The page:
As a final note, I felt the material was good enough to release, so I did, though I’m not charging for the EP. It’s fan-fiction. If you like the songs and want more like them, or simply want to support an artist following his muse through the darker corners of her fancy, then you can set your own price and call it a donation or a patronage.

Hoppin’ for Nalo Hopkinson

Where is Nalo Hopkinson in my reader-satisfaction world? I felt as good after finishing Brown Girl in the Ring and The New Moon’s Arms as I did after finishing Use of Weapons by Iain M. Banks and after finishing all three of the Julie Czerneda’s Species Imperative series in rapid succession.

It has been a *long time* since I’ve actually been satisfied by a read. This was delicious and perfect and exactly enough. I didn’t need any more or less, and I am closing the book happy. Nalo Hopkinson is the storyteller I’ve been longing for. It was the weirdest reading experience I’ve ever had, and true for both books. I finish, and then I don’t really feel the need to read anything else for a while. WEIRD, huh?

Odd reading behavior for me, but I started The New Moon’s Arms at midnight and finished it at 4:45 am. I usually sip lightly at my books, but this one I consumed whole hog.

There were some attributes to Hopkinson’s writing style true to both books that I really enjoyed.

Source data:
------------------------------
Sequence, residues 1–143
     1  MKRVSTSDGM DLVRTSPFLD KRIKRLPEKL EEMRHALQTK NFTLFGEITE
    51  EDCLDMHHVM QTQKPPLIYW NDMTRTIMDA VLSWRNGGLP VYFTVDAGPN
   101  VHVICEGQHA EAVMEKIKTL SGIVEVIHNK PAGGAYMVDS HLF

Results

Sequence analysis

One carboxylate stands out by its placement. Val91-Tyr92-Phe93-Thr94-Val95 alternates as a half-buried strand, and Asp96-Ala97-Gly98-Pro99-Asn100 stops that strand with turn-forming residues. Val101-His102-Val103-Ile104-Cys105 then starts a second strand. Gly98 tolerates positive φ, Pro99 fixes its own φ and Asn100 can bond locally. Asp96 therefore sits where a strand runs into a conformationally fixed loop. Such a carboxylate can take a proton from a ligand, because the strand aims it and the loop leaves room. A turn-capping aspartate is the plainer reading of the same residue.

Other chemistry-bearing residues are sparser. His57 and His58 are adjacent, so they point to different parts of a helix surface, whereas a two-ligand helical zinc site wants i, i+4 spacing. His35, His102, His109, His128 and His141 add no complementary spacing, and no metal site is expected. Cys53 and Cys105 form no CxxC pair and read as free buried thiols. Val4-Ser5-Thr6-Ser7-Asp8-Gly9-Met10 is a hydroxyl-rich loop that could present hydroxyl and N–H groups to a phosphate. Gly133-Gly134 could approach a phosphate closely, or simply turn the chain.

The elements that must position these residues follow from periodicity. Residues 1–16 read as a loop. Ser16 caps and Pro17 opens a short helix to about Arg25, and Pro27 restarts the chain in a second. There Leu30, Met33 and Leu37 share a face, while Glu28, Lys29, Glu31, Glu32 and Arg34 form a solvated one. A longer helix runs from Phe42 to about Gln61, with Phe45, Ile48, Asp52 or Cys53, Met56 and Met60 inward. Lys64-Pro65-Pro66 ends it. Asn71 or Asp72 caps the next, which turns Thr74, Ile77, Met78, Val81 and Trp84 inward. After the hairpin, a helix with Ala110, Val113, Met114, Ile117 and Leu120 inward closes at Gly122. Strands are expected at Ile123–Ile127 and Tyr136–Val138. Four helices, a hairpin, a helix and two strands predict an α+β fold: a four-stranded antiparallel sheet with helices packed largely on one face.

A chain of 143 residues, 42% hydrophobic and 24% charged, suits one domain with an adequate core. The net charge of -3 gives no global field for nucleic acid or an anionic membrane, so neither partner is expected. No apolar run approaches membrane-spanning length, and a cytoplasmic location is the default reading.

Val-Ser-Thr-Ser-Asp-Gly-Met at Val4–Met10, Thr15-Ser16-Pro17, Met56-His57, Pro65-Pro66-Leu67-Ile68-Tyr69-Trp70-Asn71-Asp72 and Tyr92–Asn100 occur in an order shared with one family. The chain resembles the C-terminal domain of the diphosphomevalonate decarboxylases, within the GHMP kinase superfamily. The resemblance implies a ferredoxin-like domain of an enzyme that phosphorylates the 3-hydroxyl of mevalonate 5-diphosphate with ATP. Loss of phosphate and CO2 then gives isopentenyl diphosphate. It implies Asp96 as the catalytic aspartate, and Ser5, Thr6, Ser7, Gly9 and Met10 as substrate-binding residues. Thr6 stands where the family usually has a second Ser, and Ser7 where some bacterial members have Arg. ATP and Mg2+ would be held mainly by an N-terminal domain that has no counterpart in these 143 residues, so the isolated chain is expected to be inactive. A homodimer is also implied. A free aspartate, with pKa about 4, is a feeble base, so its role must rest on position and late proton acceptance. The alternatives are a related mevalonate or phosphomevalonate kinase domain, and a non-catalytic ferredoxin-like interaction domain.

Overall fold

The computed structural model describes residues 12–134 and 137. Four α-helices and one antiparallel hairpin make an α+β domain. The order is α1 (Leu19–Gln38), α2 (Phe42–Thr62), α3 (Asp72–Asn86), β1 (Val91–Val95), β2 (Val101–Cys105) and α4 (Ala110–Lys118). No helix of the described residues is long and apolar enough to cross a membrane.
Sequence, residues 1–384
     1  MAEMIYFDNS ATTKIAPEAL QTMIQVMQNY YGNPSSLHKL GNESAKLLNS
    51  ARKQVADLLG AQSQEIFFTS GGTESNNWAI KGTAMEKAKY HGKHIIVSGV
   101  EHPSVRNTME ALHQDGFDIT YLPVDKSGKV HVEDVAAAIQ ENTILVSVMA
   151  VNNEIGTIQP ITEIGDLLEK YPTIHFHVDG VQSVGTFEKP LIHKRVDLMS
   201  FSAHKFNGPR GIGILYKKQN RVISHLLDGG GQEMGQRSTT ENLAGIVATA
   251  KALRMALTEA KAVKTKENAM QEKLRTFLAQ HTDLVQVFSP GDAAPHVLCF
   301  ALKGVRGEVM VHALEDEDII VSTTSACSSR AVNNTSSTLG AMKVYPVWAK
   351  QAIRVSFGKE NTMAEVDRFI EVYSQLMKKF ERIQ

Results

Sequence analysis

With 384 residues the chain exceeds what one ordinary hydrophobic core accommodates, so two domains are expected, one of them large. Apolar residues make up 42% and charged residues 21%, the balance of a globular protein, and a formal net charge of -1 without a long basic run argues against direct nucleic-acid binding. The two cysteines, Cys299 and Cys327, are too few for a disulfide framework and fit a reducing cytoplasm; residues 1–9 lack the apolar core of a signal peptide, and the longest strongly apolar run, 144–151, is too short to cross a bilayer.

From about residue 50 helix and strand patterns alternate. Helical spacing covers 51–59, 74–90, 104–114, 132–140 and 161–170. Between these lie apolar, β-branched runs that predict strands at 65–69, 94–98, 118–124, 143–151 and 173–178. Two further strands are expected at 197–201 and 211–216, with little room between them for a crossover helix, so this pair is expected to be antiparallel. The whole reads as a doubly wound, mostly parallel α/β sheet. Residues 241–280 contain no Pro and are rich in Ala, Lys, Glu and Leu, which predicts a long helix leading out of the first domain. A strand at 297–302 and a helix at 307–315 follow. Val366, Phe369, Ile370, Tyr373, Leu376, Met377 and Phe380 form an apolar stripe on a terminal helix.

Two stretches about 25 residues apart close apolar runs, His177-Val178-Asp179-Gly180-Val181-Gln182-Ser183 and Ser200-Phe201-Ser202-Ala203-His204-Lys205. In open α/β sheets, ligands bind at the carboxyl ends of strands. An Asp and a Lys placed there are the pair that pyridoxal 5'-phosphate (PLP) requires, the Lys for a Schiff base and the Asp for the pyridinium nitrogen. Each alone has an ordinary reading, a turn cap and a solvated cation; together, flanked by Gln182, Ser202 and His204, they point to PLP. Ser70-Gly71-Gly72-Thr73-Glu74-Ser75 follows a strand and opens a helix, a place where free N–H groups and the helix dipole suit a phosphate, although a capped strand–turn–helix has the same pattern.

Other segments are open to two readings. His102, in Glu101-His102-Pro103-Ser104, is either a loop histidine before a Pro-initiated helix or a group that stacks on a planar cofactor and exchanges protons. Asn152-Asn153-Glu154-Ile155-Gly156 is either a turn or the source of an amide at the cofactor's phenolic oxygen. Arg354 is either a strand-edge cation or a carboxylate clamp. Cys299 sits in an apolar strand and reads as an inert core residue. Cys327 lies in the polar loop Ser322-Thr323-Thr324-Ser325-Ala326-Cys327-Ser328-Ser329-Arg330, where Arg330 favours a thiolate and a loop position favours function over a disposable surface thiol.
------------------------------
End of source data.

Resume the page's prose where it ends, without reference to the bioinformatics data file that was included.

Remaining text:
The first is dialect. I love that Hopkinson includes dialect and doesn’t try to dumb down or explain the lingo as we go along in the story. It’s rather a sink-or-swim, and it’s delicious. We’re creatures of language, and it doesn’t take long before I’m thinking in these new grammatical ways, just from reading,

“It looks like she tear ducts get leave behind when she jook out she eyes, Ti-Jean thought.”


“Eshu, is we here tonight: me, Gros-Jeanne, and me grand-daughter Ti-Jeane, and her Baby-father, Tony.”

But the dialect is not here just for flavouring or authenticity. The patois changes according to whom the character is addressing, who is taking part in the conversation, and what the conversation is about. While Gros-Jeanne, the grandmother who is pretty much stuck in her flavor of English, Tony can formal-up and relax his English to suit his surroundings.